Financial Management For Millennials

If you are a millennial struggling with piling credit card bills and student loans with zero savings account, then this article is just right for you. For a lot of millennials, our financial habits are not that ideal.

Since the oldest of our generation is entering their 40s and with the majority starting a family, it is high time we take a hard look at our finances. Student loans should be paid, retirement savings should be made, and overall budgeting should be planned.

While time is still on our side, we should plan for the future. Our chance to be is not there forever.

Nonetheless, we should not be too hard on ourselves. After all, we are the generation that faced the most overwhelming financial obligation due to the economic uncertainties we have faced — talking about the Great Recession of 2008 and the COVID-19 pandemic.

Many millennials are even delaying important milestones like purchasing a house or getting married unless and until they are financially stable. With this in mind, here are 5 tips to fast-track your financial independence while it is still not too late.

#1 Know Your Short and Long-term Financial Goals

The whole process of planning and goal setting from a financial standpoint may be overwhelming for some individuals. This is true for most millennials. With more pressing immediate needs and goals, it is difficult to change one’s mindset to focus on long-term financial goals.

But you can always start by recognizing your short- and long-term financial goals. With a mapped out concrete plan on how to reach your goals, not only do you increase your own accountability, but it helps provide a sense of direction guiding you to give appropriate strategies in place.

#2 Keep a Structured Savings Plan

Whatever type or range of goal you are working towards, it is important to know the value of creating a savings plan.

Having determined the specific amount you will set aside regularly is one highly effective way to start your savings plan. A pre-authorized contribution plan enables your allotted money to be automatically routed to your savings account. As suggested by financial experts, you have to direct at least 3 to 10 percent of your income to your savings plan.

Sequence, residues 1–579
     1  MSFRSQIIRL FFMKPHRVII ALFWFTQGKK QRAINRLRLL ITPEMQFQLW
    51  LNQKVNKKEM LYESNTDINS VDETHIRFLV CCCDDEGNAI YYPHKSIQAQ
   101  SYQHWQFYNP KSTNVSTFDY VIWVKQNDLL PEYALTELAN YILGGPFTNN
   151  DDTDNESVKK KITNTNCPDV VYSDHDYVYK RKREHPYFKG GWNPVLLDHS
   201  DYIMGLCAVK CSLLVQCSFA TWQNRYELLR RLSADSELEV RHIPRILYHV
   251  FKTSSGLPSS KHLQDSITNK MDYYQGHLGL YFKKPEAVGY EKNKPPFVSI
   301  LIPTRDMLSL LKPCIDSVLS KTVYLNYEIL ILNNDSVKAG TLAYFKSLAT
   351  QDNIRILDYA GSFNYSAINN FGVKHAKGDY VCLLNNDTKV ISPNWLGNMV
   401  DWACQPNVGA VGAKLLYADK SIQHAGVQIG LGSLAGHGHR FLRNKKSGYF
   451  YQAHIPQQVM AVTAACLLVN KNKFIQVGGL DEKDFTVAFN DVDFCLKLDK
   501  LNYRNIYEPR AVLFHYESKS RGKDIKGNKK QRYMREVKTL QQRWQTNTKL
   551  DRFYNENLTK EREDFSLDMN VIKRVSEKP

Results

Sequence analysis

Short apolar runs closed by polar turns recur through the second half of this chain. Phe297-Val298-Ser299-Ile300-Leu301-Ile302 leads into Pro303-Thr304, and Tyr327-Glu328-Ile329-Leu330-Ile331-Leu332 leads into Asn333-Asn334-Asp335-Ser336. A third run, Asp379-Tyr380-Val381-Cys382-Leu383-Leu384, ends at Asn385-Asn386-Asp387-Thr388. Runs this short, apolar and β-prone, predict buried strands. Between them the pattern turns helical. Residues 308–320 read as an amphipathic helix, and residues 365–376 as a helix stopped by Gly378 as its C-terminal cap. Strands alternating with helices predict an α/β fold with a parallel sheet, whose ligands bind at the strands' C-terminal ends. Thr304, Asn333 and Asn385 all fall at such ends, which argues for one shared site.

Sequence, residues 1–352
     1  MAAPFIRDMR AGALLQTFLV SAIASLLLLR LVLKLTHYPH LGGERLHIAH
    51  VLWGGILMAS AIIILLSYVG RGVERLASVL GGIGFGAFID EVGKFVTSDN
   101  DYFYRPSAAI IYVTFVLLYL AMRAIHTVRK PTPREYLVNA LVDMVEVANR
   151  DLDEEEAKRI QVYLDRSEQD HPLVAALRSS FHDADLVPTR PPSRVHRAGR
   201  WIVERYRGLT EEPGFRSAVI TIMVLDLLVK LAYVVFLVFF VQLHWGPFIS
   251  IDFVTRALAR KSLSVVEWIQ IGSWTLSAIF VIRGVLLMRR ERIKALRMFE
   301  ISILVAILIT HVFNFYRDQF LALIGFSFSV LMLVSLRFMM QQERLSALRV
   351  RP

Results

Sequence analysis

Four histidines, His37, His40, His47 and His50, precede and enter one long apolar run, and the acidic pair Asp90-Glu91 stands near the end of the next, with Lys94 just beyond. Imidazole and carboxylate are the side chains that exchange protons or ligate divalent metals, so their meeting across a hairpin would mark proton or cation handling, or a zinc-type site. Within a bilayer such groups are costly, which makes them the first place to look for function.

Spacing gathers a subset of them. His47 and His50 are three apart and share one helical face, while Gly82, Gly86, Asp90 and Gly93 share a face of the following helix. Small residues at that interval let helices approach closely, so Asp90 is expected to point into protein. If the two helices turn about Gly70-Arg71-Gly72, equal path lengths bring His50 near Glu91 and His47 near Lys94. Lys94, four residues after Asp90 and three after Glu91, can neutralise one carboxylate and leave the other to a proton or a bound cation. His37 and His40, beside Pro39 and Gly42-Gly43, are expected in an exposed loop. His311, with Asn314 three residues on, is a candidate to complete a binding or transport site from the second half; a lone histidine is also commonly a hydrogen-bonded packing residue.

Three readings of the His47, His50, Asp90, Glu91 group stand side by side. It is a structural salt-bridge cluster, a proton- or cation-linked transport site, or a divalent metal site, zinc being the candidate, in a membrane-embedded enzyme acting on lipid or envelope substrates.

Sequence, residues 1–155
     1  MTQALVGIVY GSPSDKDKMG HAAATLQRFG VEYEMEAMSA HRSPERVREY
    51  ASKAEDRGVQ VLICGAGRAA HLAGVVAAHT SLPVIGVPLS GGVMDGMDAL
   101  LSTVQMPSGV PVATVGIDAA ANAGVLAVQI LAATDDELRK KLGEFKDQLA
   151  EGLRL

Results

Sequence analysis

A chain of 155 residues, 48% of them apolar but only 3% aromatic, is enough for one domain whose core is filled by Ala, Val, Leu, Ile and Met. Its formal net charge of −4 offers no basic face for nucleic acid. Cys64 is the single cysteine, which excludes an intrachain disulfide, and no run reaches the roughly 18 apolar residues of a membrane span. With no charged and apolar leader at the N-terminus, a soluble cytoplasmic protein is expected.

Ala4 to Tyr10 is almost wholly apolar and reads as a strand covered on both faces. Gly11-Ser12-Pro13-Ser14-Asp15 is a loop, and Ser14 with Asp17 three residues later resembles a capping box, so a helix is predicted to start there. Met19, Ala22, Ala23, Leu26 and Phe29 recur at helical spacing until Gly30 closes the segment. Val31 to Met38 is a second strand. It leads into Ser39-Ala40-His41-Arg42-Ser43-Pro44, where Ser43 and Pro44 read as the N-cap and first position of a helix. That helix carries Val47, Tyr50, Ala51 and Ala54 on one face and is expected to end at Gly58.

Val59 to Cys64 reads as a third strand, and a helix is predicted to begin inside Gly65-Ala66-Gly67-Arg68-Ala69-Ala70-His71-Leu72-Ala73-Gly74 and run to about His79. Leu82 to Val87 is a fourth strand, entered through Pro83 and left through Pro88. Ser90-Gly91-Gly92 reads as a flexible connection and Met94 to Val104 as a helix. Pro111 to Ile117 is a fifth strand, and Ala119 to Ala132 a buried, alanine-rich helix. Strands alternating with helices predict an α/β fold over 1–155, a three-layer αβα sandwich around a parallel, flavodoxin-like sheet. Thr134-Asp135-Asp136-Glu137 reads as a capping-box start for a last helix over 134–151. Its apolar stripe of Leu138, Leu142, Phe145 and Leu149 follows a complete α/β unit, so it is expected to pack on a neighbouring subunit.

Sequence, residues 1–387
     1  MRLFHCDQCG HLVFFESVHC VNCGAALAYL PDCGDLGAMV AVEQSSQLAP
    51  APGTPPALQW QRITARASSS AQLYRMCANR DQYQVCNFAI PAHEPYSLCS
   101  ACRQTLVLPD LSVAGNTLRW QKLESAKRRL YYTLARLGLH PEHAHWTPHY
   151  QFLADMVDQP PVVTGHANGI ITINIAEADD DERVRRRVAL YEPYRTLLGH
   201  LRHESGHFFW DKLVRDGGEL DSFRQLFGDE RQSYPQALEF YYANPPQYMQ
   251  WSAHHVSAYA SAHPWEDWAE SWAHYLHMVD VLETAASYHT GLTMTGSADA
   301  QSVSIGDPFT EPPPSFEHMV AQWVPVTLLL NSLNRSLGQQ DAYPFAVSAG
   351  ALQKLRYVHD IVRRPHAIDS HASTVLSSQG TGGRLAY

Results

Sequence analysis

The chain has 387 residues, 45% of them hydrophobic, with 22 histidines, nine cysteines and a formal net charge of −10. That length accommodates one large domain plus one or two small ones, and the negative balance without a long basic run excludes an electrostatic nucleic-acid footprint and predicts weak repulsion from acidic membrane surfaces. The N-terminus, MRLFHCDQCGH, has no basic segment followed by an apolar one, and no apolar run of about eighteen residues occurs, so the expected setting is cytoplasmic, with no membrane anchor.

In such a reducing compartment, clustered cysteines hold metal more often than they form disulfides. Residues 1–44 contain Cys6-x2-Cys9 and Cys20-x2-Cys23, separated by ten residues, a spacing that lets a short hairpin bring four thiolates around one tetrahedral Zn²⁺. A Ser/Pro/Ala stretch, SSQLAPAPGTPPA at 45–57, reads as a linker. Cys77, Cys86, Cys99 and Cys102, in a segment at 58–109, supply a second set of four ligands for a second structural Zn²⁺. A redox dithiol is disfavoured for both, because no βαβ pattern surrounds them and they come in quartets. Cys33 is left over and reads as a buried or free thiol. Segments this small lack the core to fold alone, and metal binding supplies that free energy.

As your income sources increase over time, so too is it necessary to increase the percentage that goes to your savings.

With this “if-you-don’t-see-it-you-don’t spend-it” approach, you help yourself go off track of your savings plans and make impulsive decisions not in line with your financial goals.

#3 Create a Budget & Stick to It

money management

Creating and adhering to a budget is a crucial component in managing your finances. But apart from that, one should also develop a realistic spending plan and habit.

In today’s digital age, there are plenty of apps and programs that you could use for budgeting purposes.

But although these digital solutions could offer convenience, the spending decision falls on you at the end of the day. These solutions merely act as a tool to keep you on track. Thus, this is where the importance of a defined spending plan and habit comes into play.

To be most effective, your spending plans should be in line with your defined short- and long-term goals. For example, you are saving up for the closing cost and down payment for a house. Rather than buying the latest gadget, say an iPad opt to have your existing iPad repaired instead if it’s still possible.

Having a proper spending plan helps you stay posted on your goals and objective as it fosters accountability and mindfulness on your part.

#4 Educate Yourself About Various Forms Of Debt

When we talk of debt, most of us automatically think that paying it off should always be the priority.

But keep in mind that not all debts are created equal. One should know what type of debts he/she and see their interest rates. Afterward, one’s debts should be looked at in comparison with the rate of return on investment.

This means some debts need to be settled right away, and others are alright to linger a bit longer. For example, since credit cards have higher interest rates, you need to pay them down first. On the other hand, interest rates of some types of student loans could be deductible for tax purposes.

#5 Learn Basic Knowledge on Investment

Expanding your knowledge on other investment options is closely tied to making a savings plan. It’s not only in the bank where you could put your money and let it grow.

Consider learning more about stocks, real estate, and other viable investment opportunities.

Final Word: Be Financially Literate

When it comes to financial planning, financial literacy is of great importance. Never fear if it is your first time. With a high level of financial literacy, you’ll be more confident in making major financial decisions.

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